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    2017 US Pastry Championships- Winners

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    2017 US Pastry Championships- Winning Chocolate Sculpture

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    2017 US Pastry Championships- Judges Meeting

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    2017 US Pastry Championships- Winning Mini Pastry Display

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    2017 US Pastry Championships- Finalists at Medal Ceremony

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    2017 US Pastry Championships- Mini Pastry Display

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    2017 US Pastry Championships- Judges with Winning Entry

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    2017 US Pastry Championships- Mini Pasteries

Japanese:Eating parent and child together

In some Japanese restaurants, you can see oyakodon, a chicken and egg rice dish on the menu. Chicken, egg, green onions, and several other ingredients are simmered together with condiments including soy sauce and then served over rice in a large bowl. Oyakodon may taste a little sweet due to the mirin in it. Mirin, used for cooking, is a rice wine with a very high sugar content. Whenever you eat beef, pork, or a Japanese dish that tastes sweet, but is not dessert, chances are good that the sweet taste comes from mirin.

While this image of parent and child together on the table in front of you may not resonate with most Westerners, the image seems popular in Japan. You can also find shake oyakodon, which is salmon parent and child, on some menus too. This is salmon and roe, which are served raw, over rice. You can also find cooked salmon served together with raw salmon roe over rice. Some sushi places serve pieces of sushi with salmon and salmon roe together too. They could be combined inside a gunkan, which is how sea urchin and salmon roe are generally served. Or this could be a regular piece of salmon on rice, adorned with a few eggs on top.

Many Japanese seem to derive great satisfaction from these combinations of food that can be eaten in many forms. My friend, Fred, was out for sushi a while ago and saw shirako on the menu. Not knowing what it was, he asked.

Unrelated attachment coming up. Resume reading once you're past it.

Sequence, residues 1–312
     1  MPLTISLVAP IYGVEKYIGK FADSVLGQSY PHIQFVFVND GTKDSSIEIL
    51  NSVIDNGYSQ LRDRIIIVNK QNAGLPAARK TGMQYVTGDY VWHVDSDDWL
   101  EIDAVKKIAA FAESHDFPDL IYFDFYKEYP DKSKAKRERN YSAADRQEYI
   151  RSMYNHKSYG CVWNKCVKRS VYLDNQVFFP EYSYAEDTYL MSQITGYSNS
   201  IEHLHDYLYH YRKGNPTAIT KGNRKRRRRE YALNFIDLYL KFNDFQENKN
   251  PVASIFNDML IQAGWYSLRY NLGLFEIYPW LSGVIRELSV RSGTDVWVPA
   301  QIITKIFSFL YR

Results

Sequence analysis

The sushi master explained that tarako, was the eggs, and shirako was the male part. Fred, knowing that tarako was cod roe, immediately put two and two together, realizing that tarako was cod sperm. Later, he discovered on the Internet that cod milt sounded much better. Just as most Americans prefer calamari to octopus, Fred imagined that most Americans would prefer cod milt to cod sperm, or at least be less revolted. Fred thought about this a while, and then ordered one. Now, he can't even remember what cod sperm tasted like, just that it was neither delicious nor revolting, just another variety of sushi, perhaps a little bit on the slimy side.

What Fred does remember is that the sushi master seemed quite pleased that both the soft roe, which is sperm or testes depending on the marine species, from the male cod and the hard roe from the female cod could be eaten. If you would like to see what Fred ate, do a google for "sushi in English with pictures" and "cod sperm." A piece of shirako sushi should pop up in your browser.

Fred finds it quite interesting that shirako is looked down on in America as cod sperm while the soft roe from sea urchin is quite popular. Sea urchin has a strong taste and for some people, is an acquired taste. Shirako, however, doesn't have a strong taste. Shirako is available in Japan only in the winter months. If you have the chance, don't miss the magic moment.

You can find Aaron Language Services on the Web at http://www.aaronlanguage.com/ . We provide translation from Japanese to other European languages and back to Japanese, edit English and other European languages, and offer online English coaching to a primarily Japanese client base. If you can't read Japanese, you can always reach us via our personnel page.